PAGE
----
As we kick off yet another summer Olympics, I wanted to re-visit one of the most historic Olympic facilities ever built, and it just happens to be about a two hours’ drive from Huntsville near Ducktown, Tenn.
The Ocoee Whitewater Center was constructed along the natural river that played host to the canoe slalom competition of the 1996 summer games in Atlanta, marking the only time an in-river course has been used in the Olympics.
The OWC facility is so unique, it was awarded a gold medal of its own, becoming the only non-competitor to receive a medal during the 1996 Olympics.
Today, the Ocoee Whitewater Center still attracts its share of visitors.
The park itself covers four acres in the middle of Ocoee River Gorge, encompassing part of the Ocoee River, two pedestrian bridges crossing the river and multiple trailheads. The center, operated by the National Park Service, is a wonderful gateway to experience the wonders of nature in the Cherokee National Forest.
The OWC markets itself as being a marriage of the natural and artificial worlds because prior to the ’96 Olympics, the river in this section was modified to create world-class whitewater, which is still enjoyed today
The river is controlled by TVA to produce hydroelectric power, but the waters are opened up on summer weekends to allow for whitewater rafting and kayaking. A summer weekend visit offers activities for even the pickiest family member or friend.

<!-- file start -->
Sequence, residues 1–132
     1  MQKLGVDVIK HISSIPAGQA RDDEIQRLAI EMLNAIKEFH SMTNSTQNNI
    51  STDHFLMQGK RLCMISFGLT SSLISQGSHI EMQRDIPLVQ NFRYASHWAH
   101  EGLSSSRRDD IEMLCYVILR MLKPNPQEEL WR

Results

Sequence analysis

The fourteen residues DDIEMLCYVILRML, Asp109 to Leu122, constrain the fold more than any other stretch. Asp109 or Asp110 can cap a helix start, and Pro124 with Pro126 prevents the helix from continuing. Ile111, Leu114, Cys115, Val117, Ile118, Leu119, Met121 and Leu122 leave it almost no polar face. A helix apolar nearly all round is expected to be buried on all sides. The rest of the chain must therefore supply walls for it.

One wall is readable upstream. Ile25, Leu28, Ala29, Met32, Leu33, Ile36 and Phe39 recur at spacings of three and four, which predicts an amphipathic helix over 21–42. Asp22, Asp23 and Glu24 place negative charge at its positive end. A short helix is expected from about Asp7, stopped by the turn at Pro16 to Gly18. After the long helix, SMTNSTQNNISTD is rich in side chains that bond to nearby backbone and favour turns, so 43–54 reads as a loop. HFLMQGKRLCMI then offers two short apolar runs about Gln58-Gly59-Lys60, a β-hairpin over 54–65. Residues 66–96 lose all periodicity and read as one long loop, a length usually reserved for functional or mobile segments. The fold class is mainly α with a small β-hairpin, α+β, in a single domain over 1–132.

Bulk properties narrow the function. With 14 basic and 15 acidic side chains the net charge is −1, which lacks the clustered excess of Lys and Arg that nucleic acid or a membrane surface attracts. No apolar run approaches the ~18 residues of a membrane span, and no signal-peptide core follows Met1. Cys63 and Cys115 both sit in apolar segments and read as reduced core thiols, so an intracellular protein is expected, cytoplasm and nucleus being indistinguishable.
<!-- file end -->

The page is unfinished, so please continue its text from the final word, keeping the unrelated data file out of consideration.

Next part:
Hiking/biking trails – There are hundreds of trails in the Cherokee National Forrest, including many with trailheads at the OWC. In addition to the nature trails, there are plenty of historic trails you can visit.
Learn about nature – Talk to the rangers at the information area, or visit some of the various displays throughout the OWC, and learn about the unique environment of both the Cherokee National Forest and the Ocoee River Gorge.
Stroll along the river – Both sides of the river here are paved with nice pedestrian walks and offer strolls by the river for those looking for something less challenging than a nature trail.
Watch some whitewater sports – Weekend rafting trips are big business on the Ocoee River with an estimated 750 people riding the river each day in rubber rafts. In addition to people on guided rafts, you will find many kayakers braving the rapids, some of whom have come from the far reaches of the world.
So, sit on the rocks, or better yet watch from one of the bridges as boats hurtle past. You might even get encouraged to take your own rafting trip, and there are more than 20 commercial companies that will be happy to help you out.
If nothing else, just stop by and take a tour of this one-of-a-kind Olympic facility almost in our backyard.